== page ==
A sermon by Canon George Maxwell
Lent 3 – Year B
Let the words of my mouth and the meditations of my heart be acceptable in your sight, O Lord, my strength and my Redeemer. Amen.
Have you ever played the game Where's Waldo? It's a game in which you are shown the image of this funny yet interesting character, wearing a red and white striped shirt and a funny hat, always in an interesting posture.
And it is so distinctive you think you would never forget it—until you turn the page and there's a scene of all kinds of interesting and different characters, usually positioned in some landscape that obscures who they are. And your job is to find Waldo.
The first time you do this it's interesting enough, but as you continue it gets harder and harder and harder—as you lose your touch with that distinctive figure and you struggle to find the difference between that memory and everything collected in this image.
I think of Where's Waldo when I hear this Gospel story this morning, this scene of the temple.
I mean, imagine what Jesus walked into. It is the celebration of the Passover of the Jews. It is a grand pilgrimage festival where people have come from miles around to make their sacrifices, to draw near to God in the temple, in the holy city Jerusalem.
And there must have been a bustle of activity as people brought sometimes their animals, sometimes their Roman coins, sometimes grain.
But whatever they brought, there was an exchange to be negotiated. The Roman coins for temple currency, the animals to be
Inspected. If you didn't bring the right animals, there are more there for you to purchase. And all of this hubbub of activity must have had a deep and enriching excitement to it—an excitement that you could feel a real catharsis arising out of, an excitement that eliminated the differences we sometimes feel, releasing the emotions, allowing us to feel a sense of unity.
I imagine it's something like watching the runners on Peachtree come down to the Cathedral on the Fourth of July, when all of these shapes and sizes of people, all speaking different languages, some with skill and some…simply children of God, nevertheless are feeling part of the larger whole, nevertheless sensing everything that they need in that moment. It's cathartic.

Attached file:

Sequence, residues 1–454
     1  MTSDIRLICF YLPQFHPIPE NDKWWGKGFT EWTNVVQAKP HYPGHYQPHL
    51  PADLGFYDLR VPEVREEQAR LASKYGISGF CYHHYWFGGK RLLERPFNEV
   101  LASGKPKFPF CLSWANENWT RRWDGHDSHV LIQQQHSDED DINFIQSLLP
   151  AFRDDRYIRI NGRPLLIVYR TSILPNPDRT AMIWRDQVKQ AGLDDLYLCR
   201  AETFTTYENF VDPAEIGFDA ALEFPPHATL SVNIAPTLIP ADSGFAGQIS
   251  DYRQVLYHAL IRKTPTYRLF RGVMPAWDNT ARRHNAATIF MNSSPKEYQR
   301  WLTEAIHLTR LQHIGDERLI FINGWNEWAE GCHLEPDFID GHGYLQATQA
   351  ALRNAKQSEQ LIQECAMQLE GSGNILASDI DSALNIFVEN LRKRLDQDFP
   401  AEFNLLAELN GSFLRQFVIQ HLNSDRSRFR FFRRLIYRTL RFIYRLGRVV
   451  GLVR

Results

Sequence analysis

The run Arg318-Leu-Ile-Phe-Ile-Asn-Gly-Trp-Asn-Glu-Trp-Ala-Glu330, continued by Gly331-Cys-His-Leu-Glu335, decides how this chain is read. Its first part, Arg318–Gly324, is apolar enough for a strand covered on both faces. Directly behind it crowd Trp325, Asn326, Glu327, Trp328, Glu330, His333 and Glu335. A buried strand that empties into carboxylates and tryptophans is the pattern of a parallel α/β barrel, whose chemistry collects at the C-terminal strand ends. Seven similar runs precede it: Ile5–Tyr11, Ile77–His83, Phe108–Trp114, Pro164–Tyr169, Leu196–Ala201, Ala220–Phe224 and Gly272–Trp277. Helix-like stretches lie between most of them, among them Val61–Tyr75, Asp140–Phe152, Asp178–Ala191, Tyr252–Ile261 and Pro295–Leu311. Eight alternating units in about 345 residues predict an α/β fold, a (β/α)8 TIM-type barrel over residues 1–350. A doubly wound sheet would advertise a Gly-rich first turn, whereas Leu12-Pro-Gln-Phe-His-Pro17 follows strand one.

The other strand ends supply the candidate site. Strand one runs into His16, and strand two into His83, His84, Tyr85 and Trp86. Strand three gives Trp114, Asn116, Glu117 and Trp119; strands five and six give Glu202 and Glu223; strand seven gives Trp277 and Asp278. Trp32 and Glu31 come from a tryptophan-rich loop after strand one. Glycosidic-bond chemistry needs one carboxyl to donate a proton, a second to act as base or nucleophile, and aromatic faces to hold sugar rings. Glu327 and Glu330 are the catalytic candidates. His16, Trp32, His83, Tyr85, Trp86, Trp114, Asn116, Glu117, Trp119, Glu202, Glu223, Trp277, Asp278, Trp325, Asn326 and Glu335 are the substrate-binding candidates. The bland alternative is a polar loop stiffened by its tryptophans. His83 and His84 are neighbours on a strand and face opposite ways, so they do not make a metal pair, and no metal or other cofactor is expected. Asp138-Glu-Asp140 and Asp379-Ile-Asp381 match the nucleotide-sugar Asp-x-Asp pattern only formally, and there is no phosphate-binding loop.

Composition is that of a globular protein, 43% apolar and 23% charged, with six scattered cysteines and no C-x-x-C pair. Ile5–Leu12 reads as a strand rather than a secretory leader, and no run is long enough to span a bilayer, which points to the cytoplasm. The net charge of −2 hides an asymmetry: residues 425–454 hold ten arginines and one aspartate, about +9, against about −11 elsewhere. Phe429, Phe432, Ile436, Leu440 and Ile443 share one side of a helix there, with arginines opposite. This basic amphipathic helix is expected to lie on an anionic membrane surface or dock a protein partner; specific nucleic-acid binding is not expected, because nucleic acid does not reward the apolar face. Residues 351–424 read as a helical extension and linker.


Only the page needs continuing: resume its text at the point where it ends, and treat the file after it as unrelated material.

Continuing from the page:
And so when Jesus wanders into this scene, what does he see? What's his problem? What's bothering him?
I think it's not what he sees, but what he doesn't see. I think he doesn't see the image of God that he has come to know and love. I think he sees an image of God that is born out of the history of Israel. It is an image of God focused on purity and the individual's ability to gain that purity by doing the right things, offering the right sacrifices, being in the right place.
Now this, I think, is a faithful image. It is an image born, for example, of the exile in Babylon, where Israel had to determine how to explain this horrible consequence that had befallen them, how to explain the fact that they were uprooted from the land that God gave them, taken to a distant place and left there.
They could have abandoned their God, but they did not. Instead, they determined that it must have been their fault. They must have been sinful, wrong, impure. God is just; it must have been us. And they remained faithful to that God.
And that faithfulness is embodied in these sacrificial rituals. The prophets talk about these rituals in the temple as all of the sacrifices yield a great drainage system that dumps the remains into the valley, and they are described as a river of life. Ezekiel describes that running into the valley of everything that has happened at the temple as a river on the banks of which trees will grow that will never die, fruit will be there that can always be eaten, leaves are on the branches which provide healing.
This is, I think, a faithful interpretation. And yet, it has consequences.
This focus on purity leaves us focused in the middle, trying to make it pure by eliminating everything that seems impure. And that, I think, goes against the generosity of God.
We miss the margins, and in missing the margins, we often take dignity away from those on the margin.
This is the point, I think, of the disciples, remembering as they recall this event, that “the zeal for my father's house consumed me.”
That's a line from a Psalm. If you look back at Psalm 69, the line means something other than you might have guessed, for that is the voice of one on the margins, a voice of one perhaps deemed to be impure, who is experiencing the loss of community—a community being drawn away from him.
The Psalm starts with a cry: “Please save me, O God. The waters are coming up around my neck.”